airliners

May 2, 2013

Boeing 777-X factor now ‘real’, ‘unreal’ and untidy

The situation where Boeing can now offer for purchase the 777-X family which it may not formally launch until later this year is somewhat untidy. It means that the specifications of

Ben Sandilands — Editor of Plane Talking

Ben Sandilands

Editor of Plane Talking

The situation where Boeing can now offer for purchase the 777-X family which it may not formally launch until later this year is somewhat untidy.

It means that the specifications of the new lineup will be shaped not so much by what Qantas or Virgin Australia might want, but what Emirates and the larger leasing companies demand.

They will set the parameters and the performance ‘guarantees’ not that anything an aircraft maker guarantees seems to mean all that much these days.

However the basics are obvious. The selling points of the 777-X models will be how much more efficiently they do what the 777-300ER and 777-200LR do today, and by far, in 2013, that means in their reduced fuel burn per unit of payload per distance flown.

If the current trends in packing-us-in continue, and there is no relief in sight, these jets will be at least as miserable an experience in economy as they can be today, and by 2019 or beyond, the cost conscious erosion of premium cabins may also have become more apparent.

There are two salient disclosures about technology to date. The wing of the 777-Xs, which will be offered with foldable wing tips, will be mostly composite materials.

But the fuselage will be aluminium alloy, not necessarily the same alloy as today, but metal nevertheless.

This might be argued as a rejection of the 787 composite barrel technology, where tapes of carbon fibre reinforced plastics are wound around a mandril and glued and baked together in a ply.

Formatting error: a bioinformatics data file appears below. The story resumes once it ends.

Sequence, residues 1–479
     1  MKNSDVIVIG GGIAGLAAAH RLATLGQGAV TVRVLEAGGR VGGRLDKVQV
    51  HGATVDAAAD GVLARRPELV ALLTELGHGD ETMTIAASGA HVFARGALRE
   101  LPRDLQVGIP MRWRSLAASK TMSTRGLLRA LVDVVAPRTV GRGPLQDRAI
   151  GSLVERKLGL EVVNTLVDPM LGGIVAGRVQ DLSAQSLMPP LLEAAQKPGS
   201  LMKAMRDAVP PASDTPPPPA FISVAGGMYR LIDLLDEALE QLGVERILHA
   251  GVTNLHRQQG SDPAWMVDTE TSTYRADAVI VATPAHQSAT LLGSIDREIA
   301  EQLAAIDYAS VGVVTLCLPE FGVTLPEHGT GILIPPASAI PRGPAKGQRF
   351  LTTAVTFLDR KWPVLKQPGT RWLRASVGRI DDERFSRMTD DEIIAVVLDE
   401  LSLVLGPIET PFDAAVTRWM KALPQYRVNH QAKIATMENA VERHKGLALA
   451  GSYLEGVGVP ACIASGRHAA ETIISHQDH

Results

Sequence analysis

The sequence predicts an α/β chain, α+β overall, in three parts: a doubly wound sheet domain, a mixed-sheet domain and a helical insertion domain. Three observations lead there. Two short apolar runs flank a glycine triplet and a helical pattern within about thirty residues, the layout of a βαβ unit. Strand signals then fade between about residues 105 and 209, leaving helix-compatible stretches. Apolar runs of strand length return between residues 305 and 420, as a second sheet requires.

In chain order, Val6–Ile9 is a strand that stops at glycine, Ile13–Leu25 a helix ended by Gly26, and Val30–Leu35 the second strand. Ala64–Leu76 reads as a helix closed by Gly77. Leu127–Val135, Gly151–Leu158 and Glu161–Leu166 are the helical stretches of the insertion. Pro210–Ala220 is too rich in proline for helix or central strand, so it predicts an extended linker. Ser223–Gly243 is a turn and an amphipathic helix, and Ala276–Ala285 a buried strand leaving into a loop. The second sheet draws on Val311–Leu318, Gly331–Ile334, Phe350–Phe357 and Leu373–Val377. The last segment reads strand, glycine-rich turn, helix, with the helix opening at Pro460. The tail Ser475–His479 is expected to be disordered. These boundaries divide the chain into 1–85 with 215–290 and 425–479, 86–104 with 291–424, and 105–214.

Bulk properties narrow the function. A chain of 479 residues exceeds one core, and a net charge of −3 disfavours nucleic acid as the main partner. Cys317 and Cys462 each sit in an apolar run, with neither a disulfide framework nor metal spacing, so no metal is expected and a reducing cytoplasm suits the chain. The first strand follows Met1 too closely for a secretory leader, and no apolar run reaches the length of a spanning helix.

And while there are plenty of critics of that process, it needs to be kept in mind that if the 777-X were to do this, it would be in effect a completely new airliner series, rather than the advanced derivatives of today’s outstandingly successful 777 series.

There are some competitive issues to consider.  There would be many airlines, perhaps including Virgin Australia, that need to upgrade their long haul wide body fleets before the 777-Xs are available by say 2019, or even before the A350-1000s can be delivered from say 2018.

These are carriers that will make their choices predominantly between the 787-9, the next version of the Dreamliner due in service with Air NZ as launch customer in 2014,  and much optioned by Qantas, or the A350-900, a slightly larger airliner due to fly around about the start of June, maybe.

Some carriers, like British Airways to give a recent example, have such a large and imminent need for more fuel efficient jets that they are upgrading their fleets with both 787-9 Dreamliners and A350s, whether -900s or the later larger -1000s.

The wide body prospects for Airbus and Boeing include carriers that will order deeply from both manufacturers because they are of a scale, and of a need, that no maker can satisfy in the necessary time.

It’s the same effect that has seen large split orders for Airbus A320 new engine option or NEO models and corresponding Boeing 737 MAX series.

Both the 787-9 and the A350-900 would appear on specs to be replacement types for current fleets of aging 767-300ERs and older A330s.  Even though each of those types come in different payload/range options, they respectively represent the old and the new fleet opportunities for airlines .

But as much as Boeing, and Airbus, try to pigeon hole their new airliners as addressing this or that particular size requirement, the airlines have shown a willingness to think differently, for example, in using A330s to replace 747s on some routes, while others use 777s for the same purpose, even though the unit size is in all cases, smaller than a 747.

Boeing sees the A350 as competing with Dreamliners. Airbus sees the A350 as competing with 777s.  In fact the larger A350-1000 might not compete directly with the larger model 777-X, yet it might make some operators see it as a better answer than the A380, even though the A380 would be essential for routes to say London Heathrow from really about now onwards.

Whatever the future holds for the inevitably overlapping competitive offers of 787s, 777-Xs and A350s, it will hopefully involve less missionary type spiels about ‘game changer’ jets that turn out to be rubbish, and more seriously and meticulously argued design and engineering considerations.

The duopoly of Airbus and Boeing is quite possibly coming to an end in the 2020s anyhow, as other alignments involving the high tech sectors in China and India bring different ‘global’ design solutions to market.

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